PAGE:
Hi, I have found some missmatching of the dates posted here, about the presentation of the FCC taking place on 1936, and the calendar and FM broadcasting article, which with no citations said that it took place on January 5, 1940. To be sincere, as this post here contains a citation, whereas the others don't, I consider this more accurate than the others and propose their change.
Incorrect IEEE reference?
The following reference doesn't seem to exist on IEEExplore?!?
"The Legacy of Edwin Howard Armstrong," by J. E. Brittain Proceedings of the IEEE, vol. 79, no. 2, February 1991
Death date again
The only source I can find for his death date is Lessing, who gives it as Feb 1. Apparently he jumped during the night and his body was found in the morning, so it may not be known which date is correct. The TIME obit gives no date, and oddly enough there is no obit in the NYT, or at least Proquest doesn't have it indexed. Rees11 (talk) 03:00, 22 November 2009 (UTC)
"FM Radio" to be moved ?
The information provided on the section for FM Radio, have more to do with technical and political updates of FM technology, and less on his involvement in these. In here are more info contained about FM broadcasting in the United States than in the article itself. Would we consider moving the information there, and leaving a link behind, among the contribution of Armstrong himself?
- I think it's important to give that information in this context; it was an important part of Armstrong's work. --Wtshymanski (talk) 14:31, 1 July 2010 (UTC)
This article is incorrect in its claim about the invention of frequency modulation for broadcasting, because it was Abraham Esau who devolped FM and demontrated it before his students and the general public in Erfurt in 1930 and 1931. — Preceding unsigned comment added by 22.214.171.124 (talk • contribs)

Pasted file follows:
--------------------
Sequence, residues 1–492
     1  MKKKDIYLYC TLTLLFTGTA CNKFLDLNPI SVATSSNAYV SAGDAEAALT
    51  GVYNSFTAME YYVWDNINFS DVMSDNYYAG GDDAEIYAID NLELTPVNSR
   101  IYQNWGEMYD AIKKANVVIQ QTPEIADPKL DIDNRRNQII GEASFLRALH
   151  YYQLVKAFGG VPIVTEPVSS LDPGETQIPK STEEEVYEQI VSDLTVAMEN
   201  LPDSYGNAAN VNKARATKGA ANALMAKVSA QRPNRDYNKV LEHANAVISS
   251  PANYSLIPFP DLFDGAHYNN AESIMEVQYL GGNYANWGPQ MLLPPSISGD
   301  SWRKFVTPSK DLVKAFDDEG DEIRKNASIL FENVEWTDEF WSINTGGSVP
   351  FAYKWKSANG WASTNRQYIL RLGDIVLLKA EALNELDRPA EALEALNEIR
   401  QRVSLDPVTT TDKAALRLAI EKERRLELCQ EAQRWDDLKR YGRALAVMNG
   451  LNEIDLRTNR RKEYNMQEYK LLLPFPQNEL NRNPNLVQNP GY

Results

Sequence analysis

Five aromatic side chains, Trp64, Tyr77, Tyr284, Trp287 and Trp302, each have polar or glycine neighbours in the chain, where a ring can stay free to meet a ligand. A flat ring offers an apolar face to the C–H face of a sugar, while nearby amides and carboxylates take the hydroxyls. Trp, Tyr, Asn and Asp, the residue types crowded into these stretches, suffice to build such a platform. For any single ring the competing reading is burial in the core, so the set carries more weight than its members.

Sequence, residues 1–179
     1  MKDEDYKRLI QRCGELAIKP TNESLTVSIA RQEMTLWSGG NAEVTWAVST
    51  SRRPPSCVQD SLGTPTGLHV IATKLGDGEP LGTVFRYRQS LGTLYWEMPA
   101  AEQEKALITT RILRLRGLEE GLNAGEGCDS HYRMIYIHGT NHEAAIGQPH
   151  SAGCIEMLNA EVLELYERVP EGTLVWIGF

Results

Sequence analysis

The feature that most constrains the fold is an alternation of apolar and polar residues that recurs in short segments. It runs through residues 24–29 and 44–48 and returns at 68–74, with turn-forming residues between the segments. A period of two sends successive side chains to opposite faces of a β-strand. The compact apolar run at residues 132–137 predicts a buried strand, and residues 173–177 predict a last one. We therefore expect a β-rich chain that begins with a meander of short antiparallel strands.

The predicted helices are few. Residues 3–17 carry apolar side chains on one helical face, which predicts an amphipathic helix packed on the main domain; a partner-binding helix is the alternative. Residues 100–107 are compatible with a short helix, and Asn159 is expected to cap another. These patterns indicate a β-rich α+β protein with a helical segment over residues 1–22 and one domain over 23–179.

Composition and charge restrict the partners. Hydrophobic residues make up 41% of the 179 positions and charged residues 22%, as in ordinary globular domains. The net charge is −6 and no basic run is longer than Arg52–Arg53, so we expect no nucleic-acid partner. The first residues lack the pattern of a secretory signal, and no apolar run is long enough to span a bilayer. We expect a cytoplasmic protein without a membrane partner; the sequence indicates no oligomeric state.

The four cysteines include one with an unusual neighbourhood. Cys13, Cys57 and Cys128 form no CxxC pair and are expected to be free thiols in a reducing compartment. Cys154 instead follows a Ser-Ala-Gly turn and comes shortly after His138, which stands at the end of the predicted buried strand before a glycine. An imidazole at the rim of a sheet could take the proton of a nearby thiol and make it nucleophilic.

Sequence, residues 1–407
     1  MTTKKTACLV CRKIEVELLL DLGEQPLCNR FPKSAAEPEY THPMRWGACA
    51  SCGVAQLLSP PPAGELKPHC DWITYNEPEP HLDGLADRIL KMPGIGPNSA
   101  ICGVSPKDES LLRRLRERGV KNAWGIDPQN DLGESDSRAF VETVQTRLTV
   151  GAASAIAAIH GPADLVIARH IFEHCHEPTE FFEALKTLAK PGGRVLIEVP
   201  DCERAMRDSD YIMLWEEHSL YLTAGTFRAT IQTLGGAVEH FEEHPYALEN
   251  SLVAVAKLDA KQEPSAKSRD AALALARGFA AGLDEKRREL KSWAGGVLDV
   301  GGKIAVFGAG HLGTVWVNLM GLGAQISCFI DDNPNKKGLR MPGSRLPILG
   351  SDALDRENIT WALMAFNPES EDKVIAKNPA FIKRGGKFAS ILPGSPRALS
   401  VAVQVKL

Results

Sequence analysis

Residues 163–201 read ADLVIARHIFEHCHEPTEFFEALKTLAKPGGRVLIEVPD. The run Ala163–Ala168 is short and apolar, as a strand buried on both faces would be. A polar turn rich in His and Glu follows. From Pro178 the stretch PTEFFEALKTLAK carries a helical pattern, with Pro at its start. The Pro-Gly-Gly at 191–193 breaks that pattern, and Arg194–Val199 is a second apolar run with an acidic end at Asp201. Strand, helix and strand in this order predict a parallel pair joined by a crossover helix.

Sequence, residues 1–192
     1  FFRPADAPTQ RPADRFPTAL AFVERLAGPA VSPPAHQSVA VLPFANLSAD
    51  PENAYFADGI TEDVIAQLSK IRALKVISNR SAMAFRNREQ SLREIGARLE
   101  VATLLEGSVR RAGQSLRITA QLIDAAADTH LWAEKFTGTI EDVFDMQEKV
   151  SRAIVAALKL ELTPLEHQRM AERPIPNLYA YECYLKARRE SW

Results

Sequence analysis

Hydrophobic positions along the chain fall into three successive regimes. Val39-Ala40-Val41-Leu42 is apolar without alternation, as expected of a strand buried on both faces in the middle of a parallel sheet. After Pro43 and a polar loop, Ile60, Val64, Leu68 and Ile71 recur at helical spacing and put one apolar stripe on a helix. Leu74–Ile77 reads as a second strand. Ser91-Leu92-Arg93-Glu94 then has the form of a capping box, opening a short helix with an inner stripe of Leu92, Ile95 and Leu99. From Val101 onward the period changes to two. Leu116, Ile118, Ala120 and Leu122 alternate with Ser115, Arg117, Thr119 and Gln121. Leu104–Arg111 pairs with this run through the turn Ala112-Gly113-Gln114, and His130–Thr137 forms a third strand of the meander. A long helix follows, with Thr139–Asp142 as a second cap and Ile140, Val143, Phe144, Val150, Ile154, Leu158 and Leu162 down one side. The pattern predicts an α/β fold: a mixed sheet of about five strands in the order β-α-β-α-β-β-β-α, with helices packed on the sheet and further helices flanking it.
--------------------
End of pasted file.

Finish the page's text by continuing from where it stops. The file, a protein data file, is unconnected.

- Source: ISBN 3-412-04102-5 And actually it was 1925, with the world-wide first "UKW"-broadcast between Jena and Kahla in Germany. Also, the article is not accurate on the european situation after WWII and FM´s success there. Mr. Armstrong may had his share in development, but he was nowhere an "inventor". 126.96.36.199 (talk) 01:56, 24 November 2012 (UTC)
- Also, the spelling of her maiden name is inconsistent in the article. Sometimes it is 'MacInnis' and other times it is 'McInnis'. Tweisbach (talk) 07:25, 27 March 2013 (UTC)
I removed the following reference because I couldn't confirm its contents:
- "Milestones, Feb. 8, 1954". Time. February 8, 1954. Retrieved 2008-06-21.
Edwin Howard Armstrong, 63, electronics genius, one of the fathers of modern radio; by his own hand (a jump from his 13th floor apartment) after writing a note to his wife that concluded: "May God help you and have mercy on my soul"; in Manhattan.
Move to "Edwin Armstrong"?
It seems somewhat odd to have the article at "Edwin Howard Armstrong", given that I can't think of anyone else of note named "Edwin Armstrong" that would have a Wikipedia article. Any thoughts? Bumm13 (talk) 09:26, 9 May 2013 (UTC)